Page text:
“We shudder at the term grace because it has been so maligned, so abused, so misrepresented. We see grace as the get out of jail free card. “Oh yeah, I love me some grace man. I get my jiggy on in the weekend then I come back on Sunday and get me my grace on.” No, that’s not grace. You’ve met a concept, not a Person.”  

Any time there is an immediate connection of grace to behavior we can get away with instead of  walking with Jesus it is a distortion of grace. 

Romans 5:1-2…having been justified by faith, we have peace with God through our Lord Jesus Christ,  (2)  through whom also we have obtained our introduction by faith into this grace in which we stand…

If God and grace is about a relationship with Jesus then it should be evident in a relationship with Jesus. Jesus Himself said abiding in Him connected with prayer is essential.   John 15:1-2  “I am the vine, you are the branches; he who abides in Me and I in him, he bears much fruit, for apart from Me you can do nothing...“If you abide in Me…ask whatever you wish, and it will be done for you.

When I speak with people who shout the loudest about grace and relationship not  rules and religion their “actual prayer life” defies their belief. 

How to consistently abide with Jesus in prayer

God has designed us in such a way that our ongoing relationship with Him is sustained through regular prayer.    Many Christians would admit that they struggle with consistency in their everyday personal prayer life.  It is something that everyone knows they need to do, but often struggle with consistency. 

I remember how difficult it seemed in my early years of serving Jesus to gain a consistent prayer life.  I remember a book by Andrew Murray called “The Prayer Life” as well as other books on prayer that really helped me reach the tipping point in going from an inconsistent to a consistent prayer life.   You can read Murray’s book “prayer life” free online at http://www.onread.com/reader/1145974.

Prayer is a spiritual experience and a spiritual discipline. 1 Timothy 4:7…discipline yourself for the purpose of godliness.  Here are some essential tips if we are going to be more effective in consistent prayer.

Tips for the prayer closet

  • It needs to be regular and consistent.  Jesus said “when you pray” not if you pray (Mt 6:6).   It is good to set a consistent time every day and get into the habit.  In doing so we fit our life around prayer rather than trying to fit prayer into our life.  Trying to fit prayer into our life rarely works. The Bible puts a premium on Morning Prayer.  It is a first-fruit time in which we are the clearest before the day begins.  If you can’t do Morning Prayer make sure you set another time (that works in your schedule) that is a priority you attend to every day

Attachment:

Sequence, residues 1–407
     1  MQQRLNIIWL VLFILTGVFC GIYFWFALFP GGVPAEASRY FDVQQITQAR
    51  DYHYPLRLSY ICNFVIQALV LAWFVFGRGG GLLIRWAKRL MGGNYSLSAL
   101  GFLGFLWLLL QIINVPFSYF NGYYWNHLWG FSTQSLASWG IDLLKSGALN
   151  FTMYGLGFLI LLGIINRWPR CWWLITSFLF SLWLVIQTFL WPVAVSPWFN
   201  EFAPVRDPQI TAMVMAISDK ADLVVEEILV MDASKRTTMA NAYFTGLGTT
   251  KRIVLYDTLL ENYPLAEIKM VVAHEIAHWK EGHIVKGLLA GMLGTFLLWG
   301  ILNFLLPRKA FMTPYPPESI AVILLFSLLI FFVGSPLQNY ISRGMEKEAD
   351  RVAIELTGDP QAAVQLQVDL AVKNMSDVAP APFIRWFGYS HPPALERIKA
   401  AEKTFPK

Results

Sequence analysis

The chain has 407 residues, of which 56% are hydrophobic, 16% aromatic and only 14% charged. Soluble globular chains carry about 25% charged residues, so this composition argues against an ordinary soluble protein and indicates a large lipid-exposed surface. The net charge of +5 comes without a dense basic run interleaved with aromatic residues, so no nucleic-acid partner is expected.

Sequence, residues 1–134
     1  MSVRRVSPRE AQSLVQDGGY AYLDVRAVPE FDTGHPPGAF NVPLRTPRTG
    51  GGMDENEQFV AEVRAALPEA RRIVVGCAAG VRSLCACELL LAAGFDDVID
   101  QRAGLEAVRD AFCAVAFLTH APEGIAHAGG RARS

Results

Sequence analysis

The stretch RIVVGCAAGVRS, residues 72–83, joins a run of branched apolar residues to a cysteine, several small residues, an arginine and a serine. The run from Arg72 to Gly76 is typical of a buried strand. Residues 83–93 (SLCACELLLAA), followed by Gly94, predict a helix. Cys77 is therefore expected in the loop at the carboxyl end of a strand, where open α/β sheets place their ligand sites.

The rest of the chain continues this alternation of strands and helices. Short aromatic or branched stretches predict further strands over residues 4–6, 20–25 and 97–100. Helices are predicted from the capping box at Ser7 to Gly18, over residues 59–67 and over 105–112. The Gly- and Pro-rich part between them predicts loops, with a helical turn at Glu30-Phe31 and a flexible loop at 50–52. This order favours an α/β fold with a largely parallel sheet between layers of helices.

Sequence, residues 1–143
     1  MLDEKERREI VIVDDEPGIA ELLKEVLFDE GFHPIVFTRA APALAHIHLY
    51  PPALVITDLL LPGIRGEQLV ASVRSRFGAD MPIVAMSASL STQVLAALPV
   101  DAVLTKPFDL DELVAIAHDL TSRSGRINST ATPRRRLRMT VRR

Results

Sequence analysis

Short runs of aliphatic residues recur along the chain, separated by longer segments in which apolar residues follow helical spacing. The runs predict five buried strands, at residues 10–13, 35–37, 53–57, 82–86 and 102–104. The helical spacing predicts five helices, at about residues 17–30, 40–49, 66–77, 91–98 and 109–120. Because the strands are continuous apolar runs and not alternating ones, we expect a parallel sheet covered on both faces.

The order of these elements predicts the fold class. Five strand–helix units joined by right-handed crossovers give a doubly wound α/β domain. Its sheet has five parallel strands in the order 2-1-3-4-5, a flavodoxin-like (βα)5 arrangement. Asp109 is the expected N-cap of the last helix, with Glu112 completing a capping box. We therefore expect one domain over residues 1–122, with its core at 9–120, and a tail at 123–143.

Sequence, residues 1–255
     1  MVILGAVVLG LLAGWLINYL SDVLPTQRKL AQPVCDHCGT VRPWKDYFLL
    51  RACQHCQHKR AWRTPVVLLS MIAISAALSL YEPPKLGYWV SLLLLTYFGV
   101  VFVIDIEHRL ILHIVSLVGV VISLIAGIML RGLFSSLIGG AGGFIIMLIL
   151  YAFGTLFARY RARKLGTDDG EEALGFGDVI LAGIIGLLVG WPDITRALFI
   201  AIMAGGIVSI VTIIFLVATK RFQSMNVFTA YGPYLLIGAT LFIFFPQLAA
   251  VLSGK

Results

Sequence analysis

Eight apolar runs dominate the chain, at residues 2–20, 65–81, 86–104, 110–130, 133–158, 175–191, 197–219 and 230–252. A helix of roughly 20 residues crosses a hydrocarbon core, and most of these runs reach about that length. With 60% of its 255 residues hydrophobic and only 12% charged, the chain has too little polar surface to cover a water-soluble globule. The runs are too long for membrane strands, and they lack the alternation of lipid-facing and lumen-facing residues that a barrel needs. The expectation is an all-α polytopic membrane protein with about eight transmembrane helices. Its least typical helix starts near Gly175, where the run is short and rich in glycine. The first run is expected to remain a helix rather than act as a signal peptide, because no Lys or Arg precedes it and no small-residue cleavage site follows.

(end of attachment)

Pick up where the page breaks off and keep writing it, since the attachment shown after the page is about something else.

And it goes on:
• Real language, not religious eloquence, is the language of prayer.  Prayer is above all communication with God.  Jesus always seemed to frown on religious language but wanted real communication from our heart.
  • Find a private place where you can be alone and undistracted with God.  This is what Jesus met by the “inner room.”  It can be a literal room or someplace where you can have undistracted communication
  • Thanksgiving, praise, and worship are essential to entering God’s presence and staying alert there.  These things work to draw us to God and keep us alert in His presence. 
  • Psa 100:4  Enter His gates with thanksgiving And His courts with praise. Give thanks to Him, bless His name.
  • Col 4:2  Devote yourselves to prayer, keeping alert in it with an attitude of thanksgiving;
  • Shouting/lifting our voice is a good way to create alertness and focus.  Shouting is by far the most common expression of praise and interacting with God in the Scripture.  It is used 265 times, silence is the least mentioned. Only 4 times is silence mentioned towards God.  The word meditate is used about 13 times in regard to God most of which are meditating on His word and His ways.  Shouting brings our foggy mind to a sense of focus and alertness. 
  • Psalms 95:1-2  us shout joyfully to the rock of our salvation.  (2)  Let us come before His presence with thanksgiving, Let us shout joyfully to Him with psalms. Psa 77:1  My voice rises to God, and I will cry aloud; My voice rises to God, and He will hear me.